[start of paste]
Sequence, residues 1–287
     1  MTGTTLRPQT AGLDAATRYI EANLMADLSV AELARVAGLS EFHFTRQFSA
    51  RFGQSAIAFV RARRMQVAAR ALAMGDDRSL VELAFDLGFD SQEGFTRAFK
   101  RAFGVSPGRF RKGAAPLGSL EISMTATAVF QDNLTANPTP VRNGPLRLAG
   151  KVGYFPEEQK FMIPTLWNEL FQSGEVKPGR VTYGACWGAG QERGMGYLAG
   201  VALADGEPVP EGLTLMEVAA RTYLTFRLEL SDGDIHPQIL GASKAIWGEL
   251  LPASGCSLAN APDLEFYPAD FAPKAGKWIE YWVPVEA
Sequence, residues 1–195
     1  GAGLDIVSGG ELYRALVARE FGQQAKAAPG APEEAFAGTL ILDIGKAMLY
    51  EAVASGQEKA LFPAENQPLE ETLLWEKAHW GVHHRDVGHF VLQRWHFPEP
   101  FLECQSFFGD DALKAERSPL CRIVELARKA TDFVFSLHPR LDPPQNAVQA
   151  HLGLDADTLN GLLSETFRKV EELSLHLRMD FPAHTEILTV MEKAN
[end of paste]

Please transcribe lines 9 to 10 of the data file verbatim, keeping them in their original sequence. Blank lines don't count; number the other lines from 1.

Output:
     1  GAGLDIVSGG ELYRALVARE FGQQAKAAPG APEEAFAGTL ILDIGKAMLY
    51  EAVASGQEKA LFPAENQPLE ETLLWEKAHW GVHHRDVGHF VLQRWHFPEP